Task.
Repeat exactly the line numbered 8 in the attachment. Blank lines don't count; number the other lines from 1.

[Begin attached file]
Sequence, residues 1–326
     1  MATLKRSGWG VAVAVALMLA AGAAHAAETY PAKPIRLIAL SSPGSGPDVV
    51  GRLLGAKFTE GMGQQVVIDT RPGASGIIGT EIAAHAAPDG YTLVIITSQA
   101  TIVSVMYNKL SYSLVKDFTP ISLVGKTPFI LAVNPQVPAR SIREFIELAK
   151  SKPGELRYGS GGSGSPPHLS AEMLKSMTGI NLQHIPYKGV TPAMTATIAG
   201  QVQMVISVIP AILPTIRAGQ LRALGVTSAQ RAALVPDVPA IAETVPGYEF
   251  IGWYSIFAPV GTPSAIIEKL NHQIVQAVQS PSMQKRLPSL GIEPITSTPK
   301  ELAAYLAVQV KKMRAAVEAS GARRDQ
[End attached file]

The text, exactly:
   301  ELAAYLAVQV KKMRAAVEAS GARRDQ